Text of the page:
Nurul Islam Laskar
Guwahati, July 10: Muslims all over the world have two major festivals, Eid ul Fitr and Eid ul Azha. While Eid ul Fitr is celebrated on conclusion of one month of fasting during the holy month of Ramzan, Eid ul Azha is celebrated two months and ten days after Eid ul Fitr. While Eid ul Fitr encompasses a lot of merriment and camaraderie, Eid ul Azha upholds the spirit of sacrifice, where an animal is slaughtered as a symbol, and its meat shared among the poor, needy, and one's own kith and kin. In the Islamic lunar calendar, Eid ul Azha falls on the tenth day of the month Zil Hajj and lasts for four days.
Though universally known as Eid ul Azha, in India many people refer to this festival as Bakrid or Qurbani Eid. The Arabic word Eid means festival, celebration, feast day, or holiday. The word Azha is synonymous in meaning sacrifice (animal sacrifice), offering or oblation. In India, a bakri is a goat, and because goats are commonly sacrificed in vast parts of India during this festival, the masses here have named the festival Bakrid. Qurbani is an Urdu word which also means sacrifice, and hence Qurbani Eid i.e. Eid of sacrifice.
Ibrahim (pbh) is one among the important prophets whose names are mentioned in the Holy Quran. One of the main trials of Ibrahim's life was to face the command of Allah by killing his own son. According to what is narrated in the Quran, Ibrahim kept having nightmares that he was sacrificing his son Ismail (pbh). Ibrahim knew that this was command from Allah and he told his son, "Oh son, I keep dreaming that I am slaughtering you," and Ismail replied "Father do what you are ordained to do." Ibrahim prepared to submit to the will of Allah and got ready to slaughter his son as an act of faith and obedience to Allah. During the preparation, the devil (Shaytaan) tempted Ibrahim and his family by trying to dissuade them from carrying out Allah's commandment, and Ibrahim drove devil away by throwing pebbles at him. Acknowledging that Ibrahim was willing to sacrifice what is dear to him, his own son, Allah the Almighty honoured both Ibrahim and Ismail. Angel Jibrail called Ibrahim, "O Ibrahim, you have fulfilled the revelations." Instead, a lamb from heaven was offered by Jibrail to prophet Ibrahim to slaughter in place of Ismail. Muslims world over celebrate Eid ul Azha to commemorate both the devotion of Ibrahim and the survival of Ismail.
The tradition for Eid ul Azha involves slaughtering an animal and sharing the meat in three equal parts – for family, for relatives and friends and for poor people The idea is to make sure every Muslim gets to eat meat for a day or more.
Eid ul Azha prayer or namaz is normally offered in the open, at the Eidgah. Some people offer prayers at the masjid also. The Eid ul Azha prayer is performed any time after the sun completely rises, till it's midday. Eid prayers must be offered in congregation. Participation of women in the congregation varies from community to community, and from country to country. After the prayers and sermons get over, Muslims exchange greetings with one another, usually embracing each other with the words, "Eid Mubarak." The young ones in the family receive gifts from their elders. This gift is called "Eidi" in the Indian sub-continent. Families visit the houses of one another. Many Muslims also take this opportunity to invite their friends, neighbours, co-workers and classmates to their Eid festivities to better acquaint them about Islam and Muslim culture. In many places in India, Eid Mehfils and mushairas are organised where non-Muslims also participate with great enthusiasm.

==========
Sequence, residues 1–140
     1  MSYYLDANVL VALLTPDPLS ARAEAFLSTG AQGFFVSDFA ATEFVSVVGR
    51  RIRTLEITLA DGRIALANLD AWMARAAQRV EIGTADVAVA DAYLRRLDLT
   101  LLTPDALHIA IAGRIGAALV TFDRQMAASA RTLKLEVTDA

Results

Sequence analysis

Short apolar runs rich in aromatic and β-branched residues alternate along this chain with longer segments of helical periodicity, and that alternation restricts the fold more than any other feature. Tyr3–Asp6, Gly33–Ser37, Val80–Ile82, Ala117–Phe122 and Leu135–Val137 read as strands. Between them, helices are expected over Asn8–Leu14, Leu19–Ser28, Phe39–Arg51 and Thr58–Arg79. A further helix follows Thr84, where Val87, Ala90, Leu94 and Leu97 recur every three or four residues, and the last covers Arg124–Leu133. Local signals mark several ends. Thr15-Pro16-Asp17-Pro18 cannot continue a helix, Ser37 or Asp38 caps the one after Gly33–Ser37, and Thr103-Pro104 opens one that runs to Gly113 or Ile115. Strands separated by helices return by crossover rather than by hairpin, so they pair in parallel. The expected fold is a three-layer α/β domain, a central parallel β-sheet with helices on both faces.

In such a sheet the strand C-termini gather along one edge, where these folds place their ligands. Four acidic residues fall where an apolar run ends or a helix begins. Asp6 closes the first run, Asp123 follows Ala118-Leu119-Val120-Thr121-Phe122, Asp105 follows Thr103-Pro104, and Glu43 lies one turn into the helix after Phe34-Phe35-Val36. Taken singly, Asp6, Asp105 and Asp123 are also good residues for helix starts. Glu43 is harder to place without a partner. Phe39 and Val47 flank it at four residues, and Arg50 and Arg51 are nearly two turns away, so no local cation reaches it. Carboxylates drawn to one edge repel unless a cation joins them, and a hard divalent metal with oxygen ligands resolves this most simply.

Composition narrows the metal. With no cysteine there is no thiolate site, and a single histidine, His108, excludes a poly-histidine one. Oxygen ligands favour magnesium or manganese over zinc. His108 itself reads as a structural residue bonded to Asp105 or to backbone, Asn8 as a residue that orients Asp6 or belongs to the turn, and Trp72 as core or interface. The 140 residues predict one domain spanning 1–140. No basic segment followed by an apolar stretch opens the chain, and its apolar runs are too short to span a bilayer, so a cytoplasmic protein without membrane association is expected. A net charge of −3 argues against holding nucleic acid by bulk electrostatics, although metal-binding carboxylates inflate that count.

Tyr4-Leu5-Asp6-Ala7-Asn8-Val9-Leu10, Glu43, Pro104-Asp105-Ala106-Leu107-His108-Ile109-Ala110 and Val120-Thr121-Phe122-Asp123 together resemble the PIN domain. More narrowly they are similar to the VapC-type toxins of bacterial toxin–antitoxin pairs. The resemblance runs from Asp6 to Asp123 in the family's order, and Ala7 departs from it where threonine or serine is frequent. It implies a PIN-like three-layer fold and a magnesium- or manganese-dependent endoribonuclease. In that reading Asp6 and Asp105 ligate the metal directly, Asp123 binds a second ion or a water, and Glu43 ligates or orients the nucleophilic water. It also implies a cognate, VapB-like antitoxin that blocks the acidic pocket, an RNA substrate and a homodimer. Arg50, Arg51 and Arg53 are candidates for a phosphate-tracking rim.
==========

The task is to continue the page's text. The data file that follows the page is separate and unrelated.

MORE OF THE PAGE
I was born and brought up in Shillong when this hill city was the capital of undivided Assam. I have vivid memories of famous personalities such as Fakhruddin Ali Ahmed, who later became the President of India, and Air Marshal IH Latif, who subsequently took over as the chief of Indian Air Force, taking part in the Eid congregational prayer at the Laban Eidgah, where the famous glass masjid of Shillong has come up subsequently. After the Eid prayers, we used to visit the kabristan (burial ground) to offer prayers for the peace of all departed souls and thereafter, go all around the town distributing qurbani meat.
No treatise on Eid ul Azha will be complete without the mention of Hajj, the annual pilgrimage that an affluent Muslim has to perform at least once in lifetime. Both Eid ul Azha and Hajj are held almost simultaneously while the rituals for Hajj are elaborate and many, some of which are quite stringent. While Eid can be celebrated anywhere in the world, Hajj can be performed only in Saudi Arabia, keeping the Kaaba, the sacred black stone at the grand mosque in Makkah, at the centre of all rituals. Pilgrims also visit Mina and Jamarat where Ibrahim had taken his son Ismail for sacrifice. In a symbolic act of keeping the devil at bay, the pilgrims throw stones at three pillars situated at Jamarat. On an average, about 15 to 16 lakh Muslims from all over the world take part in the Hajj pilgrimage every year.
Like most other Muslim festivals, Eid ul Azha does not take place on the same date every year. The reason is simple. The Muslims don't follow the Gregorian calendar. They follow the Hijri calendar which is based on the lunar year. A lunar year is ten days shorter than the Gregorian calendar. Therefore, if Eid ul Azha is celebrated on 10th July this year, in all probability it will be celebrated on 31st May in the coming year.
Here's Eid Mubarak to all of you!